12 August 2013

Again: the air

Though there is a movement afoot to close the central city coal burning plants it hasn't happened yet to our neighborhood smoke-stack seen here from my rented bedroom window.   We've been asking random locals and it seems that this little plant is indeed burning coal to run the air conditioners we all use in this crazy hot and humid weather.  It's been in the high 30s (or 90s F) and about that in humidity as well.  Walking outside feels a bit like walking into the steam room at the gym.

There were many reports about the bad air setting records earlier this year.  I was trying to find stats on how many days were hazardous but I am not sure who is compiling that data or how to get my hands on it.  In any event, the air is bad and people are leaving BJ because of it.  Us, too.  

Though LiLi got into an excellent and close-by private international school, though we found a rockin' light-filled apartment in a complex we've coveted, though we're in a 'hood where we already know people including LiLi’s BJ bestie, I feel we simply cannot stay.  

Last week, while LiLi was in camp and I scouted apartments with friends, we had some blue-sky days.  My friends said if the sky stayed blue that week they figured I'd sign on to BJ for another year or two.  But the sky didn't stay blue and yesterday we had thick and gritty air that left us all feeling sick by the end of the day.  We hunkered down indoors with the air filter running at its highest setting.  It seems insane to sign on to living here when our other option has AQIs of around 35. 

I love BJ and the excitement of a city this large.  I love the center of the universe feeling.  That things change on a dime.  That we have a global community (our friends are from:  BJ; other parts of China; Ghana; Iran; England; France; America; Australia).  That traveling to other Asian countries is easy and inexpensive from here.  I love my plan to host regular foodie pot-lucks.  When we lived here in 2012 the food I missed most was Mexican so I envision hosting dinners where someone would bring salsa, someone else guac, someone else quesadillas, etc, and another time doing Malaysian, or Indian or other foods. 

But I can do that in San Francisco and I’m not sure why I don’t think of it there.  Maybe because life there already has so many layers to it.  So many obligations and so much pressure.  Even though daily life is hard in China, there’s a way in which it is not so complicated.  It feels cleaner.  It feels clearer, even through the smog.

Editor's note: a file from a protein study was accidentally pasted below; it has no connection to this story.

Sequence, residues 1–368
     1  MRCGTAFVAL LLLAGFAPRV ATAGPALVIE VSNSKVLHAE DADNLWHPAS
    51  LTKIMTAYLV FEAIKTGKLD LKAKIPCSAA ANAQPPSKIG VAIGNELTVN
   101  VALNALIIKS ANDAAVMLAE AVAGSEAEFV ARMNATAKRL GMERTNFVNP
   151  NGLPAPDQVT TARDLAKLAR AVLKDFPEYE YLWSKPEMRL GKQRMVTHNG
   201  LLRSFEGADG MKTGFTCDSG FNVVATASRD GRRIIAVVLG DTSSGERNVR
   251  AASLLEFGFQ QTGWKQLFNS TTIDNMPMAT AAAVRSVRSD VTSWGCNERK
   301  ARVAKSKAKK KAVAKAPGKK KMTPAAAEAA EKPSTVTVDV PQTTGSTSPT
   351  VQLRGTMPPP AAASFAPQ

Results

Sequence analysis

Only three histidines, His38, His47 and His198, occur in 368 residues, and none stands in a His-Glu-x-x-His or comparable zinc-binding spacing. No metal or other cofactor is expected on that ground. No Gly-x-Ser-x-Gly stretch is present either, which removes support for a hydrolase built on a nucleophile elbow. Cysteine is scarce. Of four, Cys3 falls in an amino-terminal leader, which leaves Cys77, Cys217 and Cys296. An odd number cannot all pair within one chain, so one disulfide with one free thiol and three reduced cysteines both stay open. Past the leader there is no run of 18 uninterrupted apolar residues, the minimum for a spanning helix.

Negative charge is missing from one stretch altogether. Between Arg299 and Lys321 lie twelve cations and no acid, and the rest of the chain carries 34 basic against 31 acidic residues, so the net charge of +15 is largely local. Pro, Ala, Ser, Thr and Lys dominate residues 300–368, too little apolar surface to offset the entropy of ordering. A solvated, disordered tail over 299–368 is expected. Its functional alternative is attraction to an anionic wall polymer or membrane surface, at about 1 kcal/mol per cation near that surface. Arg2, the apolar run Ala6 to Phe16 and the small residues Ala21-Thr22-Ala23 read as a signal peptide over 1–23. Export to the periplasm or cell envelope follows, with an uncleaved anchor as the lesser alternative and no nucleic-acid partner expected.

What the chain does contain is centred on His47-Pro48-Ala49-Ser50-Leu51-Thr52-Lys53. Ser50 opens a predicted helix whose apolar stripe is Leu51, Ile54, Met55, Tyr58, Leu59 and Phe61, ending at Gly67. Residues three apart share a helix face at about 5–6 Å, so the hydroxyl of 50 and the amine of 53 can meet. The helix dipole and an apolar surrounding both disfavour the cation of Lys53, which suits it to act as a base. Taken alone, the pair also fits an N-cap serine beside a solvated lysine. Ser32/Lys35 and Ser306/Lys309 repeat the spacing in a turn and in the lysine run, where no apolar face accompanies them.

31 July 2013

Back in the Jing

We got into BJ last Friday evening after a five hour delay on United's 889--most of it onboard--turned the 12.5 hour flight into a 17 hour one.   Despite that, and an entire cup of water spilled in my lap early on, we did okay on the flight and even slept a little.  We missed dinner with my 36-hours-overlapping-in-BJ brother's family but my BJ-for-the-summer niece met us at the airport to help with the five suitcases (five!) filled with loads and loads of gifts and supplies for our peeps here.  

It immediately felt great to be back in BJ.  We're staying at friends' apartment East of the park.  We lived on the West side last year so it's very familiar territory and we love it.  On Saturday we're moving to a service apartment in the Lido area of Beijing  where LiLi and a buddy will go to a day camp while I do some networking and catching up with folks.

Saturday was a bad air day where drizzling clouds trapped the smog so we all felt headachy and sick by the end of the day.  That combined with jetlag caused the "why would anyone live here" feelings to arise.  But Sunday was relatively clear and I forgot again.  It's been 100 degrees or thereabouts, smoggy, humid and generally miserable all week.  This is why many expats go to their home countries for the summer, or to Bali.  At the moment it's not bad though:  BJ AQI 110; SF AQI 78.